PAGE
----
Now that the shell was completed it was time to get a roof on and waterproof the house as soon as possible. It survived a week or so with a large tarp on top at night, and I was lucky enough to have only a light sprinkle.
With only one 4 X 10 sheet of TPO coated sheet metal I was very careful to plan every cut and break of the sheet. I was able to use the entire width and only have one extra piece to use for test heat welding the TPO onto it. I picked up the edging from the sheet metal shop and slapped them up on the entire perimeter of the house. Using a specialized heat gun I rented to secure small strips of TPO around the corners. Next up the TPO membrane was glued to the roof sheathing and the perimiter heat welded onto the previously installed metal edging. I also had some custom gutters made to fit within the width restrictions of 8'6" wide, and used a small U channel as a downspout. One of my favorite subtle additions so far is the roof ledge. I knew that I wanted to use the roof as a patio/hangout area and noticed it was a bit too steep to site super comfortably and set a things down. I saw a scrap of cedar siding and had the idea to make a triangle down the center of the roof to create a flat spot to sit and set things down. I cut the end in a swallow tail shape and used wood filler to flatten the surface out before it reached the metal edging, and allowed the membrane to lie flat. Another use of the ledge was to cover up the seams caused by the small ply strip down the center caused by using 2 4'X8' sheets on the roof that was ~8'4" wide
After the roof and edging I attached the black fascia boards to the top perimeter of the roof and caulked the seams to ensure proper water sealing and drainage. Then I was ready for a a project I had been waiting for for a few months now. Windows! I began to cut out the windows on one side at a time, carefully leveling each side to ensure the windows were properly aligned. Much to my surprise the windows only took 15 minutes a piece to install. With a bit more time for waterproofing the exteriors and spraying some great stuff around the interior gaps. I already like the windows but I LOVED them once they were in the house.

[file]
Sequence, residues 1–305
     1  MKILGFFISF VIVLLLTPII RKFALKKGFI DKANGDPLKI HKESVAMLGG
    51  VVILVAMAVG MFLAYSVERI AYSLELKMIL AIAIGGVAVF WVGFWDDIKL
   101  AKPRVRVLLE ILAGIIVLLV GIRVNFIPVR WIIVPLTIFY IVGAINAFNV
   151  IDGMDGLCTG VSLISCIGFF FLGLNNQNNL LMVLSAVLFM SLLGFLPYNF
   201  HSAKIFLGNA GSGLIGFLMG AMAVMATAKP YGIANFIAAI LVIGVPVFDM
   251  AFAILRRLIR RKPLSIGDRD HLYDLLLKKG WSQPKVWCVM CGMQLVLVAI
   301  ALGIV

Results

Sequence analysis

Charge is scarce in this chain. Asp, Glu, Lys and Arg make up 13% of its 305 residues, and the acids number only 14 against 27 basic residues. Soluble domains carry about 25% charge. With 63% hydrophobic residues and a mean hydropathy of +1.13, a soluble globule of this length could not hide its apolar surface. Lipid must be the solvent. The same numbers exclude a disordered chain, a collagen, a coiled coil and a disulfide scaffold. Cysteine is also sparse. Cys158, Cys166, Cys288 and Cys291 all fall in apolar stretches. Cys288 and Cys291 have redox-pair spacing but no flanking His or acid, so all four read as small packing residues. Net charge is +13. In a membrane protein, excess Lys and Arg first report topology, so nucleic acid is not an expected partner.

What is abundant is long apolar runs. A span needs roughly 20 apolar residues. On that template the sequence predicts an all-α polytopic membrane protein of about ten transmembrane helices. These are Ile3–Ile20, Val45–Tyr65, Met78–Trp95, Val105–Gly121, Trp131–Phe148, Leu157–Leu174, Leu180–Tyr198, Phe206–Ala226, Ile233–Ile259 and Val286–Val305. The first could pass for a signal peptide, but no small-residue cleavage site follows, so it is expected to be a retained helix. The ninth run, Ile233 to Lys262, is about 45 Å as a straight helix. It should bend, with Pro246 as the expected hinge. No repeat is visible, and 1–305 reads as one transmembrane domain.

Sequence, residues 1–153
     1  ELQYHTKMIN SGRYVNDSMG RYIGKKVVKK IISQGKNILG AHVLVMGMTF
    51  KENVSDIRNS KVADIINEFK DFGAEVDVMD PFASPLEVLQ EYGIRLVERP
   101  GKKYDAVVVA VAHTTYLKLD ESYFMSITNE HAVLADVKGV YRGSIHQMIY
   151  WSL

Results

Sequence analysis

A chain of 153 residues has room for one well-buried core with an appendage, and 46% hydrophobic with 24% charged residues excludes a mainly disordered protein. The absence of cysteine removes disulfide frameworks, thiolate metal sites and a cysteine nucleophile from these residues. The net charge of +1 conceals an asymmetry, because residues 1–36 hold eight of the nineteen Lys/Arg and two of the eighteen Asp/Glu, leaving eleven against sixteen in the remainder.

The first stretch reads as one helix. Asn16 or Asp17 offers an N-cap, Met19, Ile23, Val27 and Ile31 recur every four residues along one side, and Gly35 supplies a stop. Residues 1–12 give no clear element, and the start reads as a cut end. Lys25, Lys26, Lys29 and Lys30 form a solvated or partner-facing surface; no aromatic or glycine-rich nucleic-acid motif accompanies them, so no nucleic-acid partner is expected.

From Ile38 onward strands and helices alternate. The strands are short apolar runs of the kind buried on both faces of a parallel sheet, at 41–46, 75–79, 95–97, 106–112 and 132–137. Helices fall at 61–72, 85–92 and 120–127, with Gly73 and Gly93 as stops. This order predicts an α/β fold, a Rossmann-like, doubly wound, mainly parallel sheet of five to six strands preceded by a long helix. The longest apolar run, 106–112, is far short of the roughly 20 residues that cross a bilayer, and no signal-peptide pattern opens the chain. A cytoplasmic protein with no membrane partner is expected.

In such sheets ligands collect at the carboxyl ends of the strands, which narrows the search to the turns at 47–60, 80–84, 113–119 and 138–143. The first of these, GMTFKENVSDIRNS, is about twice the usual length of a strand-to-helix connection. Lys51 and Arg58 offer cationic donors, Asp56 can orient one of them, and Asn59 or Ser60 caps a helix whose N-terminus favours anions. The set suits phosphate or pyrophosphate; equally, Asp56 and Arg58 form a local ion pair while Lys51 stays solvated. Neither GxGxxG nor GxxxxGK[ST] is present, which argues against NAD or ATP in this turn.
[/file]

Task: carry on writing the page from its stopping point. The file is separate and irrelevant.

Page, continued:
At this point I was close to waterproof, with one project in the way. Usually trim is not a huge deal on houses, but as you may have learned by now I just had to be a little different on this one by making custom trim. First to follow the theme of the fascia I gave the house a belt and black corner trim. At the 4' seam I ripped the corners off of 1"X4"s to make a black exterior chair rail of sorts. For the corners I ripped corners off of a 1"X2" and 1"X3" and attached them to make them even on each side of the corner. after the black belt and corners were on I ripped the edges of of 1'X3's to make trapezoid shaped vertical trim to attach every 4' all the way around the house. These were to cover the upper vertical seams and continue below for continuity. I also started to cut 1"X3"s for the window trim, leaving the edges on these trim pieces square to accentuate the black windows. This process was painstakingly slow because I hand sanded each trim piece and applied a primer and two coats of paint to each before attaching them to the house.
Another favorite part of the house so far is what I call trim trickery. On vertical trim pieces that went by windows I took the edges off up until the window trim should start and at the same time as stopping the chamfered edge I changed the paint color to give the illusion of the vertical trim and window trim being separate. This allowed the windows on the high side of the house to stand out and really POP. On the low side I painted the vertical trim black in order to add some interest to the 'utility' side of the house, as well as give the two sides subtly different looks. The next step was to caulk the WHOLE house, every edge of every trim piece, around the entire house had to be waterproofed. I took breaks from this monotonous task to insulate the ceiling with R-19 kraft faced fiberglass insulation that I will cover later with rigid foam insulation. I also did the final sheathing on the upper interior walls and ends of the house, finishing off the 'shell' and letting me move on to the interior.